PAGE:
What the history of Medicare Part D can tell us about Obamacare

What the history of Medicare Part D can tell us about Obamacare
This rollout wasn't easy, either: A pharmacist consults with a Medicare member in December 2005, just before the launch of the program's prescription drug benefit. (Mark Boster / Los Angeles Times)

How Americans will take to the Affordable Care Act over the long haul may be hard to predict, but mapping out its future course need not be entirely the product of guesswork. That's because we have a model on which to base our predictions: Medicare Part D, the prescription drug benefit enacted just over 10 years ago.

That's the conclusion of an article in the latest New England Journal of Medicine by Julie M. Donohue, a health policy expert at the University of Pittsburgh. Her main message: gaining public acceptance for a major program takes time.

"It takes a couple of years at least for people who are eligible for coverage to become aware of a program, to enroll in that program and to experience the benefits," Donohue says in a taped interview accompanying the article. "And until people experience the benefits of an insurance program, especially something that's new and a little different, the public opinion of that program may be relatively low." 

Donohue refers us back to the rollout of Part D, which began on Jan. 1, 2006, with "poor communication with beneficiaries, computer glitches, complicated plan choices and cost concerns" -- all familiar features of the Obamacare implementation.
One question was whether people would enroll; in the first year, just over 50% of Medicare enrollees opted for prescription coverage, despite a system that raised premiums considerably for those who delayed. By 2013, the enrollment rate was 69%; many seniors still obtain their prescriptions through other sources, including retiree benefits from their former employers. But 10% of Medicare members still lack coverage, Donohue says, which is more than planners expected. (See accompanying graph.)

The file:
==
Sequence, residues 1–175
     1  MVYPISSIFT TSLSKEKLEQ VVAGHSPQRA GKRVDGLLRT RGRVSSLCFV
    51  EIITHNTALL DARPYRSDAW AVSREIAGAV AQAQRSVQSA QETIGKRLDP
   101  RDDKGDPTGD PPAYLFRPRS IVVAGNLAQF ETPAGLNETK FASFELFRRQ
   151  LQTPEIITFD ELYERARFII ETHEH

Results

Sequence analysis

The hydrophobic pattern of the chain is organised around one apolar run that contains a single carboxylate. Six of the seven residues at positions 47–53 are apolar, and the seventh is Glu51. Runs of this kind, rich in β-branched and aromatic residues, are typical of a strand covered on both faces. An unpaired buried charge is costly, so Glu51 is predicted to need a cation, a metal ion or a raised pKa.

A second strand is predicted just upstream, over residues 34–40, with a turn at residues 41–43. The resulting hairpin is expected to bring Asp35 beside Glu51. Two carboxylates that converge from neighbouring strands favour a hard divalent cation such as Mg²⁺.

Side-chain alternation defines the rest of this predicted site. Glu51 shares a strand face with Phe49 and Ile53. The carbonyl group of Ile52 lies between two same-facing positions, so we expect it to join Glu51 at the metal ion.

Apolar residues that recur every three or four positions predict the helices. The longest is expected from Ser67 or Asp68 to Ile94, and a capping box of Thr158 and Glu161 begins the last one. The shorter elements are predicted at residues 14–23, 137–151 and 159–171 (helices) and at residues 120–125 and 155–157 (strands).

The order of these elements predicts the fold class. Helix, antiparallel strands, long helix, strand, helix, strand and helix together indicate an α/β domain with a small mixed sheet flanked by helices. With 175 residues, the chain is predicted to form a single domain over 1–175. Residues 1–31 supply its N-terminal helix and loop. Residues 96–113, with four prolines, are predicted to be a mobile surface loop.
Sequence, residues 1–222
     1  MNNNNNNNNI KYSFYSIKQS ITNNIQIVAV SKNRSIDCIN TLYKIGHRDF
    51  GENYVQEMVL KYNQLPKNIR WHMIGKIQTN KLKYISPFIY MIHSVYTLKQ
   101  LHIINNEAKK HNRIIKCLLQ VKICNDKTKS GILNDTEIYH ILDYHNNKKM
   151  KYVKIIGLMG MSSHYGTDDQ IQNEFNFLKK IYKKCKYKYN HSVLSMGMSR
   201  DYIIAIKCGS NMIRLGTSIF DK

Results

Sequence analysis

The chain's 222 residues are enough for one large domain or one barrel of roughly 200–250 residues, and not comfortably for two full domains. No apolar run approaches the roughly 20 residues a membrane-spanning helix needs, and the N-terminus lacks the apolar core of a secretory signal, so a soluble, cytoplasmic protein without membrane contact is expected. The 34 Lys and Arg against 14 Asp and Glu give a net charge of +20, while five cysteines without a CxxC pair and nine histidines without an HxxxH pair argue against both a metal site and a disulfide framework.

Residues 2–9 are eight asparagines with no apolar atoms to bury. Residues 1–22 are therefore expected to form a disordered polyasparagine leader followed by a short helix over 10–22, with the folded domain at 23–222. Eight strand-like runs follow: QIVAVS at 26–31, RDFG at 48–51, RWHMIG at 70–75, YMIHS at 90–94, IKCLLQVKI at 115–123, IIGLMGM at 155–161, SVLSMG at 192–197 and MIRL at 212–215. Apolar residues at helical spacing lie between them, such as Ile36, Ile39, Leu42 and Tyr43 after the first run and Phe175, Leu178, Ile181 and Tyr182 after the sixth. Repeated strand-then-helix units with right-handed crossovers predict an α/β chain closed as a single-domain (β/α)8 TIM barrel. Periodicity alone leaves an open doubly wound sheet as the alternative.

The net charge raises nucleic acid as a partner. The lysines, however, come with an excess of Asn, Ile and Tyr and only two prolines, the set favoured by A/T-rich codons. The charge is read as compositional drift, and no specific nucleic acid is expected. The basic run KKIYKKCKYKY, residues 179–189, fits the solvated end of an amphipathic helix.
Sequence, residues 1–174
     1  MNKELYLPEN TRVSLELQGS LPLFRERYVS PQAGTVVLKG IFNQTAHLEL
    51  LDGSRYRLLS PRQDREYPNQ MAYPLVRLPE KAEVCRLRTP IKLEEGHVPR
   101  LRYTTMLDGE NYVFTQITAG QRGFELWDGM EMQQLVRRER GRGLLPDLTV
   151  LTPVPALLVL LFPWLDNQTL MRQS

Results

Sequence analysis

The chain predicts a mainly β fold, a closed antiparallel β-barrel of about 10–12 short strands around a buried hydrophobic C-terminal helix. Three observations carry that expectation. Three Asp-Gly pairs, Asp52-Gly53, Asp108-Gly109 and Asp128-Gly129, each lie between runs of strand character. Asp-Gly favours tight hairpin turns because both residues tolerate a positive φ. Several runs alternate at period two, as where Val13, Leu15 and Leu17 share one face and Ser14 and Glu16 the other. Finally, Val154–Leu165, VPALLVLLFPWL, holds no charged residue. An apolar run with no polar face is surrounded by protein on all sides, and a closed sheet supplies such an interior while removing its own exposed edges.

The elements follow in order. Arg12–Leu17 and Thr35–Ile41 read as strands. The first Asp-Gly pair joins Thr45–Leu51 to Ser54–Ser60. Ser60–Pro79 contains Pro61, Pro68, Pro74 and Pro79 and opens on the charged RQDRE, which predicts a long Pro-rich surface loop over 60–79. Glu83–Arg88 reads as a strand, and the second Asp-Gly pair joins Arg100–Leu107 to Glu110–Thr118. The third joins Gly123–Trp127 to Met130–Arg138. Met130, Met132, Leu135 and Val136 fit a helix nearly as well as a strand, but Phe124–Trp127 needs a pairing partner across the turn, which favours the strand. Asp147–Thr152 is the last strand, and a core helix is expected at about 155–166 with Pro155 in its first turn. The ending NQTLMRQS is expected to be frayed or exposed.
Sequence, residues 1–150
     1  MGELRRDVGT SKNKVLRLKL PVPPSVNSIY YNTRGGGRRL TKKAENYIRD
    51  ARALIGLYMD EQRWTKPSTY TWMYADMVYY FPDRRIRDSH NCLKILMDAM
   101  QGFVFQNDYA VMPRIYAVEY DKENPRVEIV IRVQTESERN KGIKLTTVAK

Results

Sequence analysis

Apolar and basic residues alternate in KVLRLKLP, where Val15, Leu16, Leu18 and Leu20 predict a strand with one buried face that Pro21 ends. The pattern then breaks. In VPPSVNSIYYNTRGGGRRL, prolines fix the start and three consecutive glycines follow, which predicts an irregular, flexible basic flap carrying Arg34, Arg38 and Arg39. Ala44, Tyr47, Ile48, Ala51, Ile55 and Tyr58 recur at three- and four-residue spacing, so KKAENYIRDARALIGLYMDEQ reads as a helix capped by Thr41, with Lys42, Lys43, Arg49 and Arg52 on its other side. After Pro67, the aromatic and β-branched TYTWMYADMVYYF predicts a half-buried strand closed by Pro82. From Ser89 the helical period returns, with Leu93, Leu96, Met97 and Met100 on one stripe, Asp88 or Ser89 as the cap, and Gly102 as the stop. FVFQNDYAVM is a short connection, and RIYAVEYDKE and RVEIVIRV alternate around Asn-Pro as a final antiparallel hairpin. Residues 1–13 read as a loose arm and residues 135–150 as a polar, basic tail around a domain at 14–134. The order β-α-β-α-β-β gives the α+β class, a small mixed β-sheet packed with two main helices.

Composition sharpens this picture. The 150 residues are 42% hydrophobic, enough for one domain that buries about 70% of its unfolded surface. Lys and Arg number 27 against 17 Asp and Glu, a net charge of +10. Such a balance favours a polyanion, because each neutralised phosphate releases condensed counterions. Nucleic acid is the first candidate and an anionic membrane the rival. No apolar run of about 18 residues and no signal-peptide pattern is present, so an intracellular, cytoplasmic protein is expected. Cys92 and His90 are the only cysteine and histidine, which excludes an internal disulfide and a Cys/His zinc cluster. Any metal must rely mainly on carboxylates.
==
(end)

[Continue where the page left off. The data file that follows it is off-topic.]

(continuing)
Another issue shared by Part D and the ACA is consumer confusion at the multitude of choices. Enrollees had to figure out how to balance premium costs against formularies--that is, whether their current medications were covered by a plan option and at what level of co-pay or other cost-sharing.
To this day, "most don't take all of these different bits of information into account when they're making their choice," Donohue says. Medicare provided a plan-finder tool online to help beneficiaries judge among options, but it wasn't widely used. 
That parallels the confusion faced by ACA enrollees, many of whom also may be navigating the interactions of premiums, deductibles and network choices for the first time. "Really understanding the complete picture of a benefit and cost-sharing is difficult to do," Donohue observes.  
Medicare officials are still tweaking the prescription program, looking for the right balance of efficiency and selection, she reports--that is, imposing limits on some drugs in the interest of lower costs. Medicare established drug-choice standards by requiring plans to cover all drug in six classes, including antiretrovirals (such as HIV drugs), anticonvulsants (for seizures) and antidepressants.

More recently they attempted to liberalize those rules to give plans "more leverage in price negotiations" with manufacturers, Donohue says. But drugmakers, doctors and hospitals, and patients objected, and the change was dropped.

That shows how new programs create their own constituencies with an interest in the new status quo. For the ACA, that could be good news and bad news: it will build public resistance to cutbacks or repeal of the law, but may also hamper efforts to make it more efficient. "Because the ACA's impact on the health sector is even more far-reaching than Part D's," Donohue writes, "one can expect even greater resistance to changes to essential benefits or the generosity of coverage."

The main lesson? "You can't necessarily generalize from the first year of a program to subsequent years," Donohue says in the NEJM interview. "There was a lot of confusion about Part D when it was first set up, there were concerns that this new market wouldn't work, that people wouldn't know enough to be able to navigate the market, and they wouldn't sign up for coverage." 

In sum, she says, "The headlines about Part D in 2005 and 2006 sounded an awful lot like the headlines in late 2013 and 2014 about the ACA."

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